A common question asked about rock bands is ‘‘how long can they keep this up?’’ This is a bit of a loaded question since it can refer to either touring or recording. How long can a band continue touring? How long can a band keep frequently releasing new material? How long can it stay fresh?
I am happy to say that the Pixies answer all three of these questions in the positive with their most recent album, “Beneath the Eyrie,” released Sept. 13 by BMG. This new album contains everything one associates with a good Pixies album: sneering guitars, spooky vocals, prominent bass lines and one of the most listenable alternative rock experiences ever.
The Pixies have long been among the vanguards of American alternative rock, inspiring such luminaries as Kurt Cobain of Nirvana, and appearing on the soundtracks of films such as “Fight Club.” The band received acclaim for such albums as “Surfer Rosa” and “Doolittle,” both considered classics and both considered the band’s two greatest works.
But with this new effort, I believe we must add another entry to the upper echelons of the band’s discography. “Beneath the Eyrie” is the first we’ve heard from the Pixies in years, and it’s everything a good Pixies album should be: choppy, meaty and just a little bit spooky.
The Pixies have indeed reached the point where their singing voices have altered, though not for the worse in this case. The Pixies have always flirted with disturbing imagery in their lyrics, and their full on embrace of it with the gothic-inspired songs on this album are only enhanced by their changing voices.
Several standout tracks include the songs “In the Arms of Mrs. Mark of Cain,” the opening track which sees the band adding a few more metaphorical bells and whistles to their songs than usual; “Long Rider,” a spooky western song that lead songwriter Black Francis co-wrote with bassist Paz Lenchantin; and “On Graveyard Hill,” which was the song that ultimately hooked me into the album and convinced me that this album has more on its mind than just keeping up appearances.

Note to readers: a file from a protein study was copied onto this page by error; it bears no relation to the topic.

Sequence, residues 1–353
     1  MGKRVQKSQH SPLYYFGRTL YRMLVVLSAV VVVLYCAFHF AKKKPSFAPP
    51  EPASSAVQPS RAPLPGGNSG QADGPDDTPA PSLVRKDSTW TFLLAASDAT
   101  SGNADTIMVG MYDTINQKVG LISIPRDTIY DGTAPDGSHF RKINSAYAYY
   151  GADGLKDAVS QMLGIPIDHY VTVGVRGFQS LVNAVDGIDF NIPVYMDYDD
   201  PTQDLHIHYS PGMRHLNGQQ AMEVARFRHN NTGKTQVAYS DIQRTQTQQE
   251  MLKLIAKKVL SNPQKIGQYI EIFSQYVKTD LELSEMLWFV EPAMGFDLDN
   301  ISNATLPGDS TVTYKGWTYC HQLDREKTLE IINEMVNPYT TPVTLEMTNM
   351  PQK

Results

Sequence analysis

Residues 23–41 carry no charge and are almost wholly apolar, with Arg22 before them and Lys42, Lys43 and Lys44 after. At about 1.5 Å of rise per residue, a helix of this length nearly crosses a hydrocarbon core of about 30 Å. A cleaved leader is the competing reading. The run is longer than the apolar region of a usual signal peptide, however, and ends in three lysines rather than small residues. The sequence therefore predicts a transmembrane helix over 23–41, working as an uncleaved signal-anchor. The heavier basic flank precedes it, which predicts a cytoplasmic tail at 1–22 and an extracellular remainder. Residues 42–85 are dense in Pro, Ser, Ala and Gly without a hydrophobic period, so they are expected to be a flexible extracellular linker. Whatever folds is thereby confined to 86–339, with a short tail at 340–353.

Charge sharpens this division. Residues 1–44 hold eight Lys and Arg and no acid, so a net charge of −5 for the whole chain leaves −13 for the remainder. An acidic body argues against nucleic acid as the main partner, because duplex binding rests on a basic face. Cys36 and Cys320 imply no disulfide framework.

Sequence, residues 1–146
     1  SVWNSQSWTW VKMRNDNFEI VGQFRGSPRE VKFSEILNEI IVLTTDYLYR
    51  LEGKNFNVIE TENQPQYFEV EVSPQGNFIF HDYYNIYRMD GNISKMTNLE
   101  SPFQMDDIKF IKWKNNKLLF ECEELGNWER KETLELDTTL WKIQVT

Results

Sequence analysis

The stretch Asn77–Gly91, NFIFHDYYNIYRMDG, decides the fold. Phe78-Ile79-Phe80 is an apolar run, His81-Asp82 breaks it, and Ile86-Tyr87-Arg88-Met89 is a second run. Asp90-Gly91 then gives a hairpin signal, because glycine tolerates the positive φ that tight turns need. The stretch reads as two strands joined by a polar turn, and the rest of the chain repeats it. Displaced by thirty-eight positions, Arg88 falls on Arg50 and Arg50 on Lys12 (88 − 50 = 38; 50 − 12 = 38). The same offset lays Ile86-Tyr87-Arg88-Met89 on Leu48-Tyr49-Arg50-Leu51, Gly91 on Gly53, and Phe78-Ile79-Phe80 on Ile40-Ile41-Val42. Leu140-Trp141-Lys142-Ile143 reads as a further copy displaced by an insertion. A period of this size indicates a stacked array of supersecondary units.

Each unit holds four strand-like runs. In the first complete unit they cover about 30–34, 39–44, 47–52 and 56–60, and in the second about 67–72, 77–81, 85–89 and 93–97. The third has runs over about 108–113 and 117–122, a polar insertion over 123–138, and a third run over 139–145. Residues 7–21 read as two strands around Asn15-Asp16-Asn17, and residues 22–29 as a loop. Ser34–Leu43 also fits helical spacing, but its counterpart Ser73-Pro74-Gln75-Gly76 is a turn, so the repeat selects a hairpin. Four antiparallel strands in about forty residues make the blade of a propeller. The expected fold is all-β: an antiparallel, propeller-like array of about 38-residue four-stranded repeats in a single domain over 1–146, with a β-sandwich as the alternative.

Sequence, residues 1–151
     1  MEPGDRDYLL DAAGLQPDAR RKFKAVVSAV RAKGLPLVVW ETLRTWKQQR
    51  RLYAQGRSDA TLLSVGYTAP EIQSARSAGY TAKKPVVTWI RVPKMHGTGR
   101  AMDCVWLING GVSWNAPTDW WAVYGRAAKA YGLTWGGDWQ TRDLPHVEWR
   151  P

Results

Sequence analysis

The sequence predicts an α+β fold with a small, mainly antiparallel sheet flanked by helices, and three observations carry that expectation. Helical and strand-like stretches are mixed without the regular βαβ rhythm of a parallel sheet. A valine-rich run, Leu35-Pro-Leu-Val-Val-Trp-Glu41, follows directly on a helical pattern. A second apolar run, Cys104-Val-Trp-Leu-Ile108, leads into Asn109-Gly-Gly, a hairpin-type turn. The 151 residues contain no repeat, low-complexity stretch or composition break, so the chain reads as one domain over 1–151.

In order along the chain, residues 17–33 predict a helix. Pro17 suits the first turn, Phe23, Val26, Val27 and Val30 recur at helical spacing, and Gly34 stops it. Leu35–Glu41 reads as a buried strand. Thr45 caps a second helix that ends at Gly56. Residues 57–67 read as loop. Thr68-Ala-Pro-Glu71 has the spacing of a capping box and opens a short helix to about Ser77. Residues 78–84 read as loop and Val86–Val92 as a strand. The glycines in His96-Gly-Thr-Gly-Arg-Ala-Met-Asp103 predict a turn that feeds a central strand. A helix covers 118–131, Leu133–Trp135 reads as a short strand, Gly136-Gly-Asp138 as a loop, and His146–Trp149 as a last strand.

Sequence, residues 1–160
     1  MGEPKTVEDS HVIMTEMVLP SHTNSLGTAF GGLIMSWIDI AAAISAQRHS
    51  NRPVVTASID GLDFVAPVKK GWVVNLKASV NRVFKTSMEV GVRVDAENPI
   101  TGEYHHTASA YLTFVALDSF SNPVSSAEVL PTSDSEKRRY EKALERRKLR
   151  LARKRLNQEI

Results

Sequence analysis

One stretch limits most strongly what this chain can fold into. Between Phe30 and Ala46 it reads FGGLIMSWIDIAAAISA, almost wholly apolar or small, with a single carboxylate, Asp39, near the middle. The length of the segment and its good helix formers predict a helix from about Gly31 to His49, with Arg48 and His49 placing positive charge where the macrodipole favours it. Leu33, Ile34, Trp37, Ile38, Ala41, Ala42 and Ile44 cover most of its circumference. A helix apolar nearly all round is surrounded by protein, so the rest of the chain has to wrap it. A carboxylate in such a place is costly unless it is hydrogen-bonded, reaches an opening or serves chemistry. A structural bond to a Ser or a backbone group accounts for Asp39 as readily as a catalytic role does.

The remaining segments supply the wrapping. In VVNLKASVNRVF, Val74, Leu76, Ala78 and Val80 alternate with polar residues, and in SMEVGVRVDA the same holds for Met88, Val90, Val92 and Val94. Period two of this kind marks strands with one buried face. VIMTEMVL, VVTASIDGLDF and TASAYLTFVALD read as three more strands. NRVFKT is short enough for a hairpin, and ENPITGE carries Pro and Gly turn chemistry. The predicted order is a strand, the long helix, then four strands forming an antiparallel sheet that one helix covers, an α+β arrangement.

Many artists who have been around as long as the Pixies either don’t match their earlier studio output in either quality or quantity or just give up entirely, deciding to subsist entirely on nostalgia. The Pixies have done neither. They still put out music, and though it may not be as frequent as fans like me would like, it’s still some good late-career music that many artists aren’t lucky enough to have.
Most of what I have to say about this album boils down it being what we’ve needed, frankly, from a band of this period: a good, solid album that may not do anything revolutionary, but does what the band knows how to do. There is a tendency for late-stage bands to overreach, I think — to forget what made them good in the first place. Of course, just doing the same things over and over again is not a recipe for outright success, but at some point fans and newcomers alike need to be reminded of why they liked the band in the first place. “Beneath the Eyrie” does exactly that and goes just beyond nostalgia, becoming an excellent work in its own right.